"The Green Hornet"

"The Green Hornet" used to be a radio show many years ago, and it was also a short-lived TV series starring Bruce Lee. This is the first movie adaptation of it, however, and with Seth Rogen as the title character I thought it would have a good combination of humor and action. Unfortunately not: there only a few choice action scenes, and far too little comedy.

Britt Reid (Seth Rogen, "Observe and Report") is a spoiled party boy whose father owns the Daily Herald, a newspaper in Los Angeles. When his father passes away from an allergic reaction to a bee sting, Britt inherits his father's gigantic house, all of its employees, and, of course, the newspaper. When he fires most of the employees and then wakes up one morning to find that his coffee has been made poorly, he demands to know who usually makes his coffee, and finds that it is Kato (musician Jay Chou, "True Legend"), who also has been maintaining and upgrading the bevy of luxury cars that sit in his father's garage. Kato is re-hired and he and Britt soon embark on their adventures as crime-fighters; however, they decide to confuse the city and police into thinking that they are the "bad guys," and soon both the police AND the "real" bad guys are after them.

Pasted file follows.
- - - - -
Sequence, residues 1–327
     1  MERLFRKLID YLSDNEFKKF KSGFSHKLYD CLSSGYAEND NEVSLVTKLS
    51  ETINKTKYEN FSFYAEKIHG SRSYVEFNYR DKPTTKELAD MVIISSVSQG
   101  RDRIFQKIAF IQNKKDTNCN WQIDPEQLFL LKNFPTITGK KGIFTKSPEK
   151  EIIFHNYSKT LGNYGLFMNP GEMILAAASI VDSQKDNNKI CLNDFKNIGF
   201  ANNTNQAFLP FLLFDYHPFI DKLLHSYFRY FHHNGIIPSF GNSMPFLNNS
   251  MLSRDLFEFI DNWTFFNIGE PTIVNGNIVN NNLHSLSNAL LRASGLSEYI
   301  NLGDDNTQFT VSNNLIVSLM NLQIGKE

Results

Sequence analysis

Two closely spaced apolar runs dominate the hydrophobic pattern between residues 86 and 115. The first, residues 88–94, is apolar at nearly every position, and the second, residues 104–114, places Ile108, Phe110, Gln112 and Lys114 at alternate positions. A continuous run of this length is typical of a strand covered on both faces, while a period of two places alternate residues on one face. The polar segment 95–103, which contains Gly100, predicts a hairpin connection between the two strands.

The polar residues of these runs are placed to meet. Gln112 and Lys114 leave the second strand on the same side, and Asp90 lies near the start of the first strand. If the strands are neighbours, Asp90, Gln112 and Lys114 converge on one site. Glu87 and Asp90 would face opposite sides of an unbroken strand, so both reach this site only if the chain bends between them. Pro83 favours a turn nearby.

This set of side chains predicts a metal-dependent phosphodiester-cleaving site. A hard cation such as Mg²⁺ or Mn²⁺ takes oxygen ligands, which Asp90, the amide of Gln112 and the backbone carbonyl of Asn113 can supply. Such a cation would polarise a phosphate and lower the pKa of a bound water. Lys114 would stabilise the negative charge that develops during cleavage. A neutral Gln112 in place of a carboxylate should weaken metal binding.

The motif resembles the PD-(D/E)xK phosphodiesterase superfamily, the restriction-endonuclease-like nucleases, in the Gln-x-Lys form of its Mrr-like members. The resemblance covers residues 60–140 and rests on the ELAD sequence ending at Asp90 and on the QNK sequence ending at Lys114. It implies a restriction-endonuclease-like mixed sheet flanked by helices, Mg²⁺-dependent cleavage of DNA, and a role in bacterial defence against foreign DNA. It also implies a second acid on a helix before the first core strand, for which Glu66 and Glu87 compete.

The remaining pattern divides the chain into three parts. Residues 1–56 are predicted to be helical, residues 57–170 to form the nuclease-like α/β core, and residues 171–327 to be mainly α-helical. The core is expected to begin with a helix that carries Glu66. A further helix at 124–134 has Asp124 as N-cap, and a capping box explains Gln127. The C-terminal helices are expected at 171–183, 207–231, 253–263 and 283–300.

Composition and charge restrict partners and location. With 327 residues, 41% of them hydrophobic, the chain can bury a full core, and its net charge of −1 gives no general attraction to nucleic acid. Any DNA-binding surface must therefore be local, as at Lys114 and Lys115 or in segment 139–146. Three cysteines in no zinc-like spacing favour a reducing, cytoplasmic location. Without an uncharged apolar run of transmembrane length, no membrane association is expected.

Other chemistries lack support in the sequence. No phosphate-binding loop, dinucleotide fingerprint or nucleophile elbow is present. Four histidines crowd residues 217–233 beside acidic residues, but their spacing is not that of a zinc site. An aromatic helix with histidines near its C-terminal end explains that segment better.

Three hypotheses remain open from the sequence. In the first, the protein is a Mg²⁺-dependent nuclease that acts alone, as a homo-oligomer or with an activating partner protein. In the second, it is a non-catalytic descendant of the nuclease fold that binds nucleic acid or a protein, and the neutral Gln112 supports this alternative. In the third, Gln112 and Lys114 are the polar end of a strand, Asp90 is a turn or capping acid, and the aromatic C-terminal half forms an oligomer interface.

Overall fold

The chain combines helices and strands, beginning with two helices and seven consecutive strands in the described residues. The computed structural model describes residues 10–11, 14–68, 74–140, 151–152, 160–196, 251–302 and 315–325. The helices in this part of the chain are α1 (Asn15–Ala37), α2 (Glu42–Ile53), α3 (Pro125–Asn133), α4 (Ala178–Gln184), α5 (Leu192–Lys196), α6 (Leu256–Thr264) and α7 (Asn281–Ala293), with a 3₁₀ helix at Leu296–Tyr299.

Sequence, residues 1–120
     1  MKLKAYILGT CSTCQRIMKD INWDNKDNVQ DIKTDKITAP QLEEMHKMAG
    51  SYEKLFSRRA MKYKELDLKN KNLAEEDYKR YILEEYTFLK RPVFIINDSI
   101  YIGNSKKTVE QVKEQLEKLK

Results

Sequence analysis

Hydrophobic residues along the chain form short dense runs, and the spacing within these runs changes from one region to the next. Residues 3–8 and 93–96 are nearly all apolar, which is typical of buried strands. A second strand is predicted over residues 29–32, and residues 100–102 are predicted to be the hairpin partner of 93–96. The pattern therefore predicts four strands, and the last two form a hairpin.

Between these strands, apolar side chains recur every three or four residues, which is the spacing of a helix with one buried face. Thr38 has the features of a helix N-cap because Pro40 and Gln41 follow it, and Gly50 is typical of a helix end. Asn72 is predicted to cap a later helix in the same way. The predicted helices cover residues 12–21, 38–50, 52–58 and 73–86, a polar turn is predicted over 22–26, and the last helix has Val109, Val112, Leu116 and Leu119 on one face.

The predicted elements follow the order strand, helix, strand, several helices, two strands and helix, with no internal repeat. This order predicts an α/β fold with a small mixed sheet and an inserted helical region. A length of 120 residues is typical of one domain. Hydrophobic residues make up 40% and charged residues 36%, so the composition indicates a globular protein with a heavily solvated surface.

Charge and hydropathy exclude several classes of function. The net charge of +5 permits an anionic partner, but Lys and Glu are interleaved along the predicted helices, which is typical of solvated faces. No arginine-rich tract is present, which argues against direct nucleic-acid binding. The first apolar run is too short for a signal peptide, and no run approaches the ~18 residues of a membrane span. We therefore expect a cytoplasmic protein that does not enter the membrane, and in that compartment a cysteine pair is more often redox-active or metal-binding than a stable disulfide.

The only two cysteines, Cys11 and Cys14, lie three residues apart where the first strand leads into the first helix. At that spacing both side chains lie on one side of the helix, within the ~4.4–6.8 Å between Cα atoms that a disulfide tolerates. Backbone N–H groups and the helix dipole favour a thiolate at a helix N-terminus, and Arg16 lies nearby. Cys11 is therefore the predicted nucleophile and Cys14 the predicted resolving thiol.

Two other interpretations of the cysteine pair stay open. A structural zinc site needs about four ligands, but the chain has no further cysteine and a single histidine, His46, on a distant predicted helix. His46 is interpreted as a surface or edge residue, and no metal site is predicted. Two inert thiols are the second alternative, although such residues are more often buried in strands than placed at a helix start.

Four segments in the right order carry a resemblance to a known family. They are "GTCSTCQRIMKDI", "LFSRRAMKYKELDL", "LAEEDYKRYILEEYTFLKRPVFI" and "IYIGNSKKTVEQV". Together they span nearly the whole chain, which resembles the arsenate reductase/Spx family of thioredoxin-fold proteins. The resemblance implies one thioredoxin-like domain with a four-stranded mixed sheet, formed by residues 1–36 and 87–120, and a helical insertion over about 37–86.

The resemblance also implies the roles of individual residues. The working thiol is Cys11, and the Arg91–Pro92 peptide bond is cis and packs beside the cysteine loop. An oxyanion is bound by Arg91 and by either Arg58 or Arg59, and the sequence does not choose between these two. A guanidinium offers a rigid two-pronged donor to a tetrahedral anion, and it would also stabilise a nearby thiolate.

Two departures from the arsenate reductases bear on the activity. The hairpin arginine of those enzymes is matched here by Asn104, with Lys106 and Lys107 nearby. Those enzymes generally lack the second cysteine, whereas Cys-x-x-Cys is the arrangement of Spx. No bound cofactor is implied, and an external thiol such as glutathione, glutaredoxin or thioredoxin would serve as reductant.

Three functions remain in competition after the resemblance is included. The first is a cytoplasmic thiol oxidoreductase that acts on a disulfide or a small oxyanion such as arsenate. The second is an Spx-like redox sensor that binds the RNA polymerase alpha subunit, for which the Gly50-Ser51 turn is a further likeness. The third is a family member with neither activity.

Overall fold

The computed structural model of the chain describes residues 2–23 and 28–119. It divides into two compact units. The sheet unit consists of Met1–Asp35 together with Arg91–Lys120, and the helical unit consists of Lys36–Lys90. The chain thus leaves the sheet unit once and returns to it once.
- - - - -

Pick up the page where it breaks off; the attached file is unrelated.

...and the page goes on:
Seth Rogen does an okay job in this movie but Kato, who is skilled in martial arts, really steals the show. If it wasn't for Kato, Rogen's character (Britt Reid, aka The Green Hornet) would have been killed off at the very beginning of the movie. Cameron Diaz has a supporting part as Lenore Case, Reid's secretary at the newspaper, but her part really isn't necessary, and to be honest I wasn't that impressed with her performance. There's also an A-lister that has a small cameo at the beginning of the film (which isn't even listed on IMDB, actually) and he was amusing to watch, but unfortunately he gets killed off about five minutes into the film.

Maybe see this movie. Near the middle of the film, I was actually leaning towards giving it a "No" review, because it didn't really impress me at all, but the action sequences in the last half hour are definitely worth seeing. I still don't understand why they would want the police to think that they are the bad guys, but it's possible I'm just missing something. Kato is fun to watch in action, but next to him Rogen's character appears to be just a bored billionaire with too much time on his hands.

"The Green Hornet" is in theaters on January 14th.

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